The Soft Sound of Mortar Fire

Kabul, Afghanistan.

   July 20th, 2009:
    – “Daily Afghanistan Outlook” headlines: Last week – 145 Terror Attacks, 66 dead, 228 wounded
    – Yesterday: Karzai backing former jihad commander Abdur Rab Rasul Sayyaf as commander of Kabul
       forces and security …elections coming in a few weeks, fight fire with fire I guess
    – Today: cleaning people accompanied by automatic weapons in room
    – Breakfast: word is militants pouring into the city. Advised to leave now, while I still can


     After breakfast I take a ride around the city. Only 25 bombings today. It’s early. A world gone mad. Afghan military everywhere. A NATO APC in a small convoy rolls down the street, the man wielding the 50 up top pointing it at anyone and anything that comes near. You can tell he’s scared, the gun rolling from side to side like a bobble head on the Paris Dakar rally. Kids run, laugh, and point, the gunner points back. A dangeorus game but the kids are bored, and like any kids around the world, can see the fear in the gunners movements, so time for some fun. Cars slow down, weave to the outside lanes, get out of the way. The convoy quickly rolls through, dissapearing as fast as they can.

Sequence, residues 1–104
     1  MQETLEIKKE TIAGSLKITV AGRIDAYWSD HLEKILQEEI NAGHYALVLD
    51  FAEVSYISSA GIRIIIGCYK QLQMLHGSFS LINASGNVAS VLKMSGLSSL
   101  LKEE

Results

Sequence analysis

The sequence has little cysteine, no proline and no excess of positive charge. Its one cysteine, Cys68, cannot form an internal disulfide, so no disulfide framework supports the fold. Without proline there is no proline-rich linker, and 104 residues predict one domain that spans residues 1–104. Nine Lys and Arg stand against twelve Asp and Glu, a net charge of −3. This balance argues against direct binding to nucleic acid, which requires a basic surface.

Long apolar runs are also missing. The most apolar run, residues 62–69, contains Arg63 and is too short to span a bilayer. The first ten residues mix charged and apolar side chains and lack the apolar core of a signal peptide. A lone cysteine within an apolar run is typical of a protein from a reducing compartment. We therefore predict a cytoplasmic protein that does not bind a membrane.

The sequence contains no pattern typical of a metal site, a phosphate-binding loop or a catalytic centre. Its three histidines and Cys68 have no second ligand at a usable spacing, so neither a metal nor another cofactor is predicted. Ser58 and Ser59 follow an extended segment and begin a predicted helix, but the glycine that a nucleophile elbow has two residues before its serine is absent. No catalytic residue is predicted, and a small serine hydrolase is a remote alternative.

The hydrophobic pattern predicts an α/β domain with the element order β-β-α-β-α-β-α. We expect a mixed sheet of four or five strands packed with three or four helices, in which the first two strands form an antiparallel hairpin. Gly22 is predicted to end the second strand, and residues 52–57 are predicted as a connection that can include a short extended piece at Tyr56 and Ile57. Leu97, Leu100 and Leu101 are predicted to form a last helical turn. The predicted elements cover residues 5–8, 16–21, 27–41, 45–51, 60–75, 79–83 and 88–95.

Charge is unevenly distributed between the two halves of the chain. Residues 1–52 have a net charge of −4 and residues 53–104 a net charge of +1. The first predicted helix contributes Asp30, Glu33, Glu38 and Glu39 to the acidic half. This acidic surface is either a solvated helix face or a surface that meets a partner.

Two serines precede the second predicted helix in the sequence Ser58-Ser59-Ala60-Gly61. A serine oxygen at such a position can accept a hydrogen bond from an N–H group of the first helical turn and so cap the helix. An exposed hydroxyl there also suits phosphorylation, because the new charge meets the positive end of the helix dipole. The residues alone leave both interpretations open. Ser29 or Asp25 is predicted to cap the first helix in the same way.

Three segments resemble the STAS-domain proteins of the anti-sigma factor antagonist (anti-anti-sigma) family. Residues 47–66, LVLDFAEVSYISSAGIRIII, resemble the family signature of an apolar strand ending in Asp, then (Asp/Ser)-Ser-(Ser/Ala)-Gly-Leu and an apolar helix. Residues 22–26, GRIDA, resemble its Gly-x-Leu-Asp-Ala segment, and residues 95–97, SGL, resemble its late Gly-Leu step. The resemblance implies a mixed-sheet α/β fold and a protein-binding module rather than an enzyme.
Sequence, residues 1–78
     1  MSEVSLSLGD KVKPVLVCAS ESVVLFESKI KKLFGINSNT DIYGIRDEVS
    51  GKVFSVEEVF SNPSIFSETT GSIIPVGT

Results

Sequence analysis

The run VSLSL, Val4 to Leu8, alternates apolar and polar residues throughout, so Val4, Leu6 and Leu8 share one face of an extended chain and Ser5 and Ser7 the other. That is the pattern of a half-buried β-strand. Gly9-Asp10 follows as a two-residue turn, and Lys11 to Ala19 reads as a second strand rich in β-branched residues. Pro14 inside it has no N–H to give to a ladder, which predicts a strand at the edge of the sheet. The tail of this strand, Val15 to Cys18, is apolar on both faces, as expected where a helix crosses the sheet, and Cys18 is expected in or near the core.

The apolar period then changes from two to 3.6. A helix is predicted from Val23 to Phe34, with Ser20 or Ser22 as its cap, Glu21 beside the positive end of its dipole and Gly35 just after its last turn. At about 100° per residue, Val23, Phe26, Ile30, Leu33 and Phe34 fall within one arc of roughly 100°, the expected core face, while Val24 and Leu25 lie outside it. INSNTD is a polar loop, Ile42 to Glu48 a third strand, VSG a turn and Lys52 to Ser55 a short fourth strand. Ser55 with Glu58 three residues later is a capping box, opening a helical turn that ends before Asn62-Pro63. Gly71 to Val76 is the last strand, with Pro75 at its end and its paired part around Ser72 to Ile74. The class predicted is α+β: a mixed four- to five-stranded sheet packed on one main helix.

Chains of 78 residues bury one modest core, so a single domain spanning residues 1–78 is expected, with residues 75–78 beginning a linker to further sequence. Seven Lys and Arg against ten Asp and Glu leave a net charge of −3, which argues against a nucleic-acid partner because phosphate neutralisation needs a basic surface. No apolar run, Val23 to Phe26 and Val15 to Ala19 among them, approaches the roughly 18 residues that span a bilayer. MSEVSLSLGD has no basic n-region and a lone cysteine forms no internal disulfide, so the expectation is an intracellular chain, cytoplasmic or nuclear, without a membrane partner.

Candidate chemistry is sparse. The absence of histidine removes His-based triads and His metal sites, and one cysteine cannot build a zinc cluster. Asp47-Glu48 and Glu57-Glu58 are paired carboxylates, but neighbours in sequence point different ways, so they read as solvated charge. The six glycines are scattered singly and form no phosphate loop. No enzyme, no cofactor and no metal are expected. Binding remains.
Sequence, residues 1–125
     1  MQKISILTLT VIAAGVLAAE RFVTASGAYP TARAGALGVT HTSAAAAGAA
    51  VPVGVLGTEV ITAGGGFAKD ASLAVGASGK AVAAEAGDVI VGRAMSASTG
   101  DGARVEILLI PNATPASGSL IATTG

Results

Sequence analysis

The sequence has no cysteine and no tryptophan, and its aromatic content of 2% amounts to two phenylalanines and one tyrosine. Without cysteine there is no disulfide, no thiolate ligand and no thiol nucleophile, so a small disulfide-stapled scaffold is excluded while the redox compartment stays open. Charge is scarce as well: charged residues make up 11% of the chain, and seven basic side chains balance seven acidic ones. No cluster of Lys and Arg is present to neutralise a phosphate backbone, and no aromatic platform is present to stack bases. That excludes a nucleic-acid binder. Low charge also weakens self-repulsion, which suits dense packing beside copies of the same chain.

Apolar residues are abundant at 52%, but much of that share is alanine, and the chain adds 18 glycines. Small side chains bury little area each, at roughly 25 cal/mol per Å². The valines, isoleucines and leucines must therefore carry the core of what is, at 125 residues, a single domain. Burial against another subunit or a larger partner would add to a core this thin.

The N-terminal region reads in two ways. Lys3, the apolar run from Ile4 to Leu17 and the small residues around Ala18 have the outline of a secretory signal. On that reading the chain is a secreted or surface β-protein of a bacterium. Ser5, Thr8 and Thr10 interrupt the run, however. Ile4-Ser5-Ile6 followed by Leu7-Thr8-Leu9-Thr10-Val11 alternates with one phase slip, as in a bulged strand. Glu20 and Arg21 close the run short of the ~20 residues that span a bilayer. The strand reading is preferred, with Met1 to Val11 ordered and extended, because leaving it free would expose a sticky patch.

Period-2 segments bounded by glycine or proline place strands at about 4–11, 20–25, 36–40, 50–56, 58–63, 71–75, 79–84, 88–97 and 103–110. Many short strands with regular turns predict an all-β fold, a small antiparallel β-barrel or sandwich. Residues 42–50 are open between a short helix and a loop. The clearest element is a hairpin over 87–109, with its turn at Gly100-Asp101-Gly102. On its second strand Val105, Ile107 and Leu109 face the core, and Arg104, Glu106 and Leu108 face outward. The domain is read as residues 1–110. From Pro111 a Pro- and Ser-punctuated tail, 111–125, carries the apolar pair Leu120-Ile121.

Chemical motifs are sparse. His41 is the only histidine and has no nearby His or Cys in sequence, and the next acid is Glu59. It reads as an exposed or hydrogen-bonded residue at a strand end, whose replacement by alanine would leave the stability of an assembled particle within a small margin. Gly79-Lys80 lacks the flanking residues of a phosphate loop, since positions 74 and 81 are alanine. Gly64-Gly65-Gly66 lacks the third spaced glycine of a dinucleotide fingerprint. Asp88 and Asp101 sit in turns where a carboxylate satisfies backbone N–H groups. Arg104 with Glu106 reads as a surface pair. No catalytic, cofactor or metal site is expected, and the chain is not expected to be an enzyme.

We stop on the outskirts of the city at an old fort. A man invites me to his home for lunch, my driver says “No, too dangerous”. Everyone wants their pictures taken, the driver wants to go. The man doesn’t wait too long, he runs off down the trail. We pass by a half stadium looking building. “That is where they tried to assassinate Karzai”, my driver says. He turns on the radio. “Taliban song”, he says.